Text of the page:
King's spontaneous words inspired a nation 'I have a dream' defined movement

August 27, 1993|By Chicago Tribune

The most powerful words ever uttered by the hero of the civil-rights movement might never have been spoken at the historic march on Washington.

It was inspiration -- some say divine inspiration -- that led the Rev. Martin Luther King Jr. to tell the quarter-million men and women in the heart of a divided nation, "I have a dream . . ."

As Dr. King stepped to the podium, he saw in those 250,000 people the largest political demonstration in the history of America, a "March on Washington for Jobs and Freedom."

Dr. King did not plan even to mention the dream. With strict, equal time limits set for each speaker, there simply wasn't time to say all that he wanted to say and still speak of his dream for all God's children.

By 3:47 p.m. Dr. King had reached the end of his allotted seven minutes. He should have wrapped it up. But he was just starting to soar.

"All of a sudden -- the audience response was wonderful that day -- and all of a sudden this thing came to me that I have used -- I'd used it many times before, that thing about 'I have a dream' -- and I just felt that I wanted to use it here," Dr. King later recounted.

Said Dr. King's wife, Coretta Scott King: "At that moment it seemed as if the Kingdom of God appeared."

From that day forward, the preacher son of a Baptist preacher "became the conscience of America," in the words of civil-rights veteran Joseph Lowery, the longtime president of the Southern Christian Leadership Conference (SCLC), the position Dr. King held when he made his famous speech.

Three decades later, "I Have a Dream" is chiseled into the American memory as the refrain of the plea for racial justice in segregated America. And the march where Dr. King spoke his dream for his children and all those who followed them became a turning point in the move toward integration and equality in this country.

How did Dr. King come to speak so movingly of his hopes that sons of slaves and slave owners could sit at the table of brotherhood, of his vision of a nation where his four small children "will not be judged by the color of their skin but by the content of their character"?

Was it Mahalia Jackson, the legendary gospel singer, near Dr. King on the speaker's platform, who prompted him to toss aside the rest of his written speech when she hollered, "Tell 'em about the dream, Martin"?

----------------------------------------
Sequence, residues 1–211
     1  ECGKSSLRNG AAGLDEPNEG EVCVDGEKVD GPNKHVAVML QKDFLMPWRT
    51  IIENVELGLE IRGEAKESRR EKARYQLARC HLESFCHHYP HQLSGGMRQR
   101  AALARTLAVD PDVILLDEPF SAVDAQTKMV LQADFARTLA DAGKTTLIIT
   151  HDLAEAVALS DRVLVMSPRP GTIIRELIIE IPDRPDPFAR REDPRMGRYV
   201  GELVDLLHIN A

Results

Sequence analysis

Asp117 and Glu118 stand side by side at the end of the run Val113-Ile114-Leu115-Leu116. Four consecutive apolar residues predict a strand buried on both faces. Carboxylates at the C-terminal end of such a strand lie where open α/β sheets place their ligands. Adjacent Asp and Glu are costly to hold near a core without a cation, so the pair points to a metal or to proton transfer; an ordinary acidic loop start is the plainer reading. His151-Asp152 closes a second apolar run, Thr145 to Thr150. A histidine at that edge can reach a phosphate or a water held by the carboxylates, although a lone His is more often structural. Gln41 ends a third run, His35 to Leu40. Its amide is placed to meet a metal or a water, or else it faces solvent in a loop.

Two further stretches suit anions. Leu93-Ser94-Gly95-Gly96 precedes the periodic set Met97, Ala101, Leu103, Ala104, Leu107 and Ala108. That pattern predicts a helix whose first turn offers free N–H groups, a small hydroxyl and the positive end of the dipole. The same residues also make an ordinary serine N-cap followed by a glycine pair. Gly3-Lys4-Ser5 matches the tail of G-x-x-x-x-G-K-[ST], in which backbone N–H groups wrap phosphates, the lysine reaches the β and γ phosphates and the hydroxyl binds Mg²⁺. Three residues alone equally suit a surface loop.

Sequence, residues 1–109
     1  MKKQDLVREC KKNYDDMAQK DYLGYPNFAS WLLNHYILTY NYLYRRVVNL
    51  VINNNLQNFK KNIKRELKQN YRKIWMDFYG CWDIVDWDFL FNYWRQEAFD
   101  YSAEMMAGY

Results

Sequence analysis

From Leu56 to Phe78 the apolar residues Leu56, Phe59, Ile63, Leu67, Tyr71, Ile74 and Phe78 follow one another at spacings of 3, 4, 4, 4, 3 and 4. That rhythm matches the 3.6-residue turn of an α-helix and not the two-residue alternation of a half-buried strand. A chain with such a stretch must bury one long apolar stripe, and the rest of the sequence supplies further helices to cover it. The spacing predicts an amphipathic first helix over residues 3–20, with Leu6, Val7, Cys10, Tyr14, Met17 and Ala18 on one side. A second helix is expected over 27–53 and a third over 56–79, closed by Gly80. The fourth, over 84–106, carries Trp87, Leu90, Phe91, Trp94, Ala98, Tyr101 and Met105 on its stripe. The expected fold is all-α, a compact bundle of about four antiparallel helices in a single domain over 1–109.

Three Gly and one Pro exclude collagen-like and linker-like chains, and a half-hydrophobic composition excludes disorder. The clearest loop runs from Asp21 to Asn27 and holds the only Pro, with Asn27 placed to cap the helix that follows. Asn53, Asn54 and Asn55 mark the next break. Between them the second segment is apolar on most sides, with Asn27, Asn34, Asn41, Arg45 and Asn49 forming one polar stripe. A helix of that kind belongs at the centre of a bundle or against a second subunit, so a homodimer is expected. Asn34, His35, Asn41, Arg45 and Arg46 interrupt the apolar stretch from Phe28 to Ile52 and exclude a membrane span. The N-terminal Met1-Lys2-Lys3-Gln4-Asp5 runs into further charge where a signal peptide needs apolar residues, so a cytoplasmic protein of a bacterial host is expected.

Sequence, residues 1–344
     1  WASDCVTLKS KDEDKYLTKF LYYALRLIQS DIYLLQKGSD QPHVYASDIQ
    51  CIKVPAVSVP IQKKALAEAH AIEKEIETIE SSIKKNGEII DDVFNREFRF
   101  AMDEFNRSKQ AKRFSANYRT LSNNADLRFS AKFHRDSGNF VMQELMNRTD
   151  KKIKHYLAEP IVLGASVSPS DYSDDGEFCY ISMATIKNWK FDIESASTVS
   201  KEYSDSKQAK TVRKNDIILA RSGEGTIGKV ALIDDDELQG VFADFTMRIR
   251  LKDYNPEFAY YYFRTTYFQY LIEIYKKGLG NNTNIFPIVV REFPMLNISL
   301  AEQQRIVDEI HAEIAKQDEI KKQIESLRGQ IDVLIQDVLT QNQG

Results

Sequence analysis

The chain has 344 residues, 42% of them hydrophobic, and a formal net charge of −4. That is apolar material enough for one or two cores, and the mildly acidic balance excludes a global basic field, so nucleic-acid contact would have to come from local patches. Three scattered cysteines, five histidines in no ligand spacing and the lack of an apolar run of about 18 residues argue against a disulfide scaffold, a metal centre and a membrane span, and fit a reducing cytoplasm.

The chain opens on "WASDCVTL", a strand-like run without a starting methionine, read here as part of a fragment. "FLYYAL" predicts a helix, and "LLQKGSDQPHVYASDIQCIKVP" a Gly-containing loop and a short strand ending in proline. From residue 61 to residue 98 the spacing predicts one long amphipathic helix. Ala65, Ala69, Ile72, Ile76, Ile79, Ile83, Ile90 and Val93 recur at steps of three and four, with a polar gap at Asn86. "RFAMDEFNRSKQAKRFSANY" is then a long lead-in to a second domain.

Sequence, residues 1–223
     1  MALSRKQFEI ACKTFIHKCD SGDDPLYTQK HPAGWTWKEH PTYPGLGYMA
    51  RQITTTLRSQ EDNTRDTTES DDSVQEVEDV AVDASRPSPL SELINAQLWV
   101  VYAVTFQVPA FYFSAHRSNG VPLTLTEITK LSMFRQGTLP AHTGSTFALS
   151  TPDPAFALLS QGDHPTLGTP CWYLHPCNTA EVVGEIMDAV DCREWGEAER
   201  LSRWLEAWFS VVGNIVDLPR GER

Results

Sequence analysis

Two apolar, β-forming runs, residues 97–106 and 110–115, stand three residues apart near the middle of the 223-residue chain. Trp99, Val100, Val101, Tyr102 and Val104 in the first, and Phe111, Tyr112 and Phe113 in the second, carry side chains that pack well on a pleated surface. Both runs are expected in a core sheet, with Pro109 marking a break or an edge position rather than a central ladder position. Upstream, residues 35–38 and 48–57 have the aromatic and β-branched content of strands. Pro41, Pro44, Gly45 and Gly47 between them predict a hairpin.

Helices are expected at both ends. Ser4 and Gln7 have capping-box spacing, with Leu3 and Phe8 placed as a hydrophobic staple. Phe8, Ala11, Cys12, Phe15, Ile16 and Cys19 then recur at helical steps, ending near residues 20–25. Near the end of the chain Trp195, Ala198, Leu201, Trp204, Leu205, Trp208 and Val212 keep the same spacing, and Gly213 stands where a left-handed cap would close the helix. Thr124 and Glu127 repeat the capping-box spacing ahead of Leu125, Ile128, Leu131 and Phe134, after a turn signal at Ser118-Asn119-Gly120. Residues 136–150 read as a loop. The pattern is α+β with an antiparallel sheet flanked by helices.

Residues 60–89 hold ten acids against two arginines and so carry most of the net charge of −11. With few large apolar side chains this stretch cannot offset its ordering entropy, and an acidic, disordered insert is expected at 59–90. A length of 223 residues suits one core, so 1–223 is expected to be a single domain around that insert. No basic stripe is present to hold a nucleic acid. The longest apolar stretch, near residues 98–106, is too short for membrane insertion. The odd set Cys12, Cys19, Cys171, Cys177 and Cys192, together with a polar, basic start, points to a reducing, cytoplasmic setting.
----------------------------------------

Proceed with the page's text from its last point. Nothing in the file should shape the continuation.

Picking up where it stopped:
Who knows whether he even heard her.

Moments before Dr. King spoke, SCLC Washington Director Walter E. Fauntroy, a minister, invoked the words of a spiritual well known to civil-rights protesters.

"We had a march song that we used," Mr. Fauntroy said, "that we had taken from the church: 'I'm goin' to do what the Spirit say do, oh Lord, and if the Spirit say march, oh Lord, I'm going to march . . . If the spirit say sing, oh Lord,

I'm going to sing . . . If the spirit say vote, oh Lord, I'm going to vote.'"

Before Dr. King approached the microphone, Mr. Fauntroy, now president of a Washington consulting firm after many years as the city's delegate in Congress, remembers telling Dr. King, "Do what the Spirit say do."

Was it the Spirit that moved Dr. King that day?

"Lay people and people who don't believe in God don't understand what I call divine inspiration, particularly among the black clergy," said Benjamin Hooks, a Memphis, Tenn., preacher and lawyer and former head of the National Association for the Advancement of Colored People. "King came at the end of a long, hard and hot day, and the people were waiting for him, and he was lifted up."

Clearly, the crowd lifted Dr. King off his typewritten page, away from the less-than-inspiring prose he'd written in his Willard Hotel suite only hours earlier.

Gone, left unspoken, was this mundane sentence: "And so today, let us go back to our communities as members of the international association for the advancement of creative dissatisfaction."

In its place was the unforgettable, extemporaneous dream riff, soaring Bible-based oratory that he had been honing, delivering, polishing for at least two years, although he did not expect to deliver it at this march.

Two months earlier, at a march for 125,000 in Detroit, with no limit on his speaking time, Dr. King had delivered a longer version of his vision of a color-blind America.

And just the week before the Washington march, he had spoken of the dream in Chicago, at a big fund-raising event before the black National Insurance Association.

But it was the Washington speech that brought Dr. King the ultimate attention: live television coverage on all three networks of not just a fragment, a news clip, a sound bite, but the entire speech, almost 19 minutes long.

In his account of the King years, "Parting the Waters," Baltimorean Taylor Branch reported that among those seeing and hearing a complete King speech for the first time was the president of the United States, watching on a television at the White House. "He's damn good," John F. Kennedy said.

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